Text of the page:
I mean screw the historical significance of poll taxes - that's irrelevant today.

    The motivation on others is only reducing voter fraud.

    Right Tony?

    Or is this another case where logical consistency is meaningless when it comes to great ideas you have?

  • Tony||

    And did you just say that rural gun-toters are suffering just like blacks did in the late 19th century?

  • sarcasmic||

    Obviously that's exactly what he's saying! I mean, rural gun-toters are in chains! Literally! Chains!

    You should try pretending to be honest sometime. It would be interesting to watch.

  • Paul.||

    No, that's not what he said, not even what he implied.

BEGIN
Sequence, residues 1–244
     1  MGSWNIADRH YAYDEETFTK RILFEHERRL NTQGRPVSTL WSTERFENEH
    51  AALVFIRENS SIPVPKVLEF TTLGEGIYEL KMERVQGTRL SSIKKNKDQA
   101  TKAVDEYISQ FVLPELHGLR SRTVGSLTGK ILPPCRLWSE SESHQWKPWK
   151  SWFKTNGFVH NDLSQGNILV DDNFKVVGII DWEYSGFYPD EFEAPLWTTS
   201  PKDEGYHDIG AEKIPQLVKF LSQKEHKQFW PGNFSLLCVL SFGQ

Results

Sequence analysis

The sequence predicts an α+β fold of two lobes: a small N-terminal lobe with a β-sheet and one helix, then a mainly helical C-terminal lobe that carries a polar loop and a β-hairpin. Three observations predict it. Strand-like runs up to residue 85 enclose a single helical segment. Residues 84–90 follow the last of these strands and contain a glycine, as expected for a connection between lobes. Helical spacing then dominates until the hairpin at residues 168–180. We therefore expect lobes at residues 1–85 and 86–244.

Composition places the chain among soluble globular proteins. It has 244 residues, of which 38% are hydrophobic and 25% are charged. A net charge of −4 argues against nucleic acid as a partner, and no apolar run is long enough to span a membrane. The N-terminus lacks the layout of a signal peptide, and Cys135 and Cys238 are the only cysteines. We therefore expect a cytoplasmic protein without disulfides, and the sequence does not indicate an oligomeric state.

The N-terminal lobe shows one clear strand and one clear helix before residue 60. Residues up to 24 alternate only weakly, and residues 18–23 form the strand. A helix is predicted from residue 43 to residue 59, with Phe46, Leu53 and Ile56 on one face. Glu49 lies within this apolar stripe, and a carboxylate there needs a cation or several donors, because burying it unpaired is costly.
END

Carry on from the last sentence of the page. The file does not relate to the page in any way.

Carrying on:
He was speaking generically about racial bigotry vs. cultural bigotry. He made no reference to a period within American history, or a particular act of bigotry.

    For instance, the guy who wrote What's the Matter With Kansas is a cultural bigot.

  • Tony||

    Presumably so is Clarence Thomas for his generalization of Northeasterners.

  • Contrarian P||

    What generalization?

  • kbolino||

    He was quite a bit more specific in who he chose to condemn, so good job on libeling him.

  • tarran||

    It's impossible for Tony to libel anyone; he has repeatedly demonstrated an unbelievable degree of cluelessness about science, history, economics, legal theory and cultural issues to the point that his credibility is nonexistent.

    For a libel to exist, it has to convince people.

  • Paul.||

    I considered his remarks to be a statement of how he was treated and where it generally came from.

  • Tony||

    Of course you do. Because he agrees with you about taxes.